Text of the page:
agapitoLourdes Agapito
Non-rigid 2D and 3D registration

Professor Lourdes Agapito received her BSc in Physics and PhD in Computer Vision from the Universidad Complutense de Madrid in Spain in 1991 and 1996 respectively. She was an EU Marie Curie Postdoctoral Research Fellow with the Robotics Research Group at The University of Oxford from 1997 to 1999 and then held a Postdoctoral Fellowship funded by the Spanish Ministry of Science and Education in the same research group for a further 2 years. In September 2001 she joined Queen Mary, University of London as a Lecturer. In 2007 she was promoted to Senior Lecturer and in 2011 to Reader in Computer Vision. In 2008, she was awarded an ERC Starting Independent Researcher Grant to conduct research in 3D modelling of non-rigid scenes from video sequences. In July 2013 she joined the Computer Science Department at UCL where she leads her research team with 3 PhD students and 3 Postdocs.

fitzgibbonAndrew Fitzgibbon
VarPro, ICP, lifting, and all that

Abstract: In vision and machine learning, from 3D reconstruction to recommender systems, it is common to see optimization problems of the formawf

There are a few main strategies for minimizing these problems: block coordinate descent (a.k.a. alternation, “EM-style”, or ICP), joint optimization (a.k.a. lifting or bundle-style), variable projection (VarPro), and the various SGD techniques.  For years I have been using lifting to great effect, and I will show examples where it dramatically improves convergence rates and wall-clock speed.  Recently, new light has been cast on these alternatives, and I will show examples where VarPro wins hands down.  Ultimately, I’ll try to give intuitions that allow you to know into which case your problem falls and when it matters; that is, when it’s important to use the more advanced strategies rather than ICP or SGD.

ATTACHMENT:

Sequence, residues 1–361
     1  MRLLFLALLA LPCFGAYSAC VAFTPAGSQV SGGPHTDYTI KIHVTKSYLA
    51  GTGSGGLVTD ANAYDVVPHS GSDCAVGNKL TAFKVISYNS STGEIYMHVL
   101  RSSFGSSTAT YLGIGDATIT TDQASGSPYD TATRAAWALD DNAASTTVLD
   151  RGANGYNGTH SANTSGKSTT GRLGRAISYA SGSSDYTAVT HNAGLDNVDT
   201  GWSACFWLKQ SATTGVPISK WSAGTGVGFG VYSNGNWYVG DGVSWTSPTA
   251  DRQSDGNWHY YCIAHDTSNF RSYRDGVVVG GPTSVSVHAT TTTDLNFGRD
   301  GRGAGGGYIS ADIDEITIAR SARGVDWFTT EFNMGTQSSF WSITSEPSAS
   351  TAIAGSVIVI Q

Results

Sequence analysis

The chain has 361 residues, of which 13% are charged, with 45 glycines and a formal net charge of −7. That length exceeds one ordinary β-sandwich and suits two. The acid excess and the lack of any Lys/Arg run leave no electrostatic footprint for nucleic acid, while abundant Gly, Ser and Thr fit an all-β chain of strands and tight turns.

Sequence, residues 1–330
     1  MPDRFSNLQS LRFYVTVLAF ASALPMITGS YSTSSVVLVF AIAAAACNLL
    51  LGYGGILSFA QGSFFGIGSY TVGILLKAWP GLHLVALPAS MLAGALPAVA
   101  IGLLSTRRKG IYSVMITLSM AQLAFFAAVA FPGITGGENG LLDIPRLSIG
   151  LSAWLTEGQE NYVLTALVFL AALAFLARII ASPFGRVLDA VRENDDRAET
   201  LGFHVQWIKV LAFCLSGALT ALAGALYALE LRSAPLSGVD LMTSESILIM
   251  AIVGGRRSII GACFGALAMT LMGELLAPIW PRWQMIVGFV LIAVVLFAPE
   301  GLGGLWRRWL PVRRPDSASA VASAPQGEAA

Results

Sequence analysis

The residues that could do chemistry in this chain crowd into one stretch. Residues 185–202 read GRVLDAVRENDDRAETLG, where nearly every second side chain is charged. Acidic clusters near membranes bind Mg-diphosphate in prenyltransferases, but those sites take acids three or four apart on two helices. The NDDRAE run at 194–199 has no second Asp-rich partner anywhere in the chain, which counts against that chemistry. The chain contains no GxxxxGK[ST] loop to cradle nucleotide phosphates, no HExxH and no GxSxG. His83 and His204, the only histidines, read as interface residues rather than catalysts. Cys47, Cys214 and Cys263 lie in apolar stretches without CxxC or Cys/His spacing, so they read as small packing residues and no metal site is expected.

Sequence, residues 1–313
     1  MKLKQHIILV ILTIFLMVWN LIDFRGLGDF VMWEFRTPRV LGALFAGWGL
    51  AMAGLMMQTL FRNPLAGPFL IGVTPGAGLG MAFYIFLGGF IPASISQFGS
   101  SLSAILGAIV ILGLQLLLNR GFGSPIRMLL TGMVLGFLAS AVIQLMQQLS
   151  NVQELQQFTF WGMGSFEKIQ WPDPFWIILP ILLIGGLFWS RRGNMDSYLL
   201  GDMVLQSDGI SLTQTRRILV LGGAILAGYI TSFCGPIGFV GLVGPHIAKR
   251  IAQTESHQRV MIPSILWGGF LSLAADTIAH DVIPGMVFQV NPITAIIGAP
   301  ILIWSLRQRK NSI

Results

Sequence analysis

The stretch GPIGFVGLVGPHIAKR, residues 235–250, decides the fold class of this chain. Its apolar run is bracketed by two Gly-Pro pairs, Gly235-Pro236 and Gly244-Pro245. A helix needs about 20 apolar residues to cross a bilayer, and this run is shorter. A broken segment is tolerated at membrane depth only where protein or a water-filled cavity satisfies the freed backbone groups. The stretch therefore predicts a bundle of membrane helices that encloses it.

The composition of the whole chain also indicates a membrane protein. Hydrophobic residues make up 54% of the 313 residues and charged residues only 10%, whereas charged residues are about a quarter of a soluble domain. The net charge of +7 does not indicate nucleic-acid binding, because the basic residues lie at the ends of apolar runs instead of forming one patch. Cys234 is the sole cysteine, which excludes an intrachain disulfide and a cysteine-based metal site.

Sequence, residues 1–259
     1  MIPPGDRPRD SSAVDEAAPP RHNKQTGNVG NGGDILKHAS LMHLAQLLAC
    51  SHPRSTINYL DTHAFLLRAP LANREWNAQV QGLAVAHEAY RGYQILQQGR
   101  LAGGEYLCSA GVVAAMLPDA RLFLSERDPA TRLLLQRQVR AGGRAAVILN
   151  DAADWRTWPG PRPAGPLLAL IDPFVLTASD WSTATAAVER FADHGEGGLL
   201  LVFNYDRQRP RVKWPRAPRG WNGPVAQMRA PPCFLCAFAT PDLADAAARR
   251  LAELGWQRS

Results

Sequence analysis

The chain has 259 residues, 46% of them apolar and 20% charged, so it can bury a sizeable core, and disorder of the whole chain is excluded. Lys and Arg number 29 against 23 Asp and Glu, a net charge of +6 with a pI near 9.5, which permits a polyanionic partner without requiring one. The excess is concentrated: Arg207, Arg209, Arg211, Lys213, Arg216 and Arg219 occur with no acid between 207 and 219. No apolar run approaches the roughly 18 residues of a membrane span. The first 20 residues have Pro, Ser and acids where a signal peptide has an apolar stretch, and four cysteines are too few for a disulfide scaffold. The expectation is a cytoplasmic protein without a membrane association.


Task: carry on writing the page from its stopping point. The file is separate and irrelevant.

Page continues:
Joint work with John Hong, Cambridge University, and many others.

Bio: Andrew Fitzgibbon is a principal researcher in the computer vision group at Microsoft Research Cambridge. He is best known for his work on 3D vision, having been a core contributor to the Emmy-award-winning 3D camera tracker “boujou” ( and Kinect for Xbox 360, but his interests are broad, spanning computer vision, graphics, machine learning, and even a little neuroscience. He has published numerous highly-cited papers, and received many awards for his work, including nine “best paper” prizes, the Silver medal of the Royal Academy of Engineering, and the BCS Roger Needham award. He is a fellow of the Royal Academy of Engineering, the British Computer Society, and the International Association for Pattern Recognition. Before joining Microsoft in 2005, he was a Royal Society University Research Fellow at Oxford University, having previously studied at Edinburgh University, Heriot-Watt University, and University College, Cork.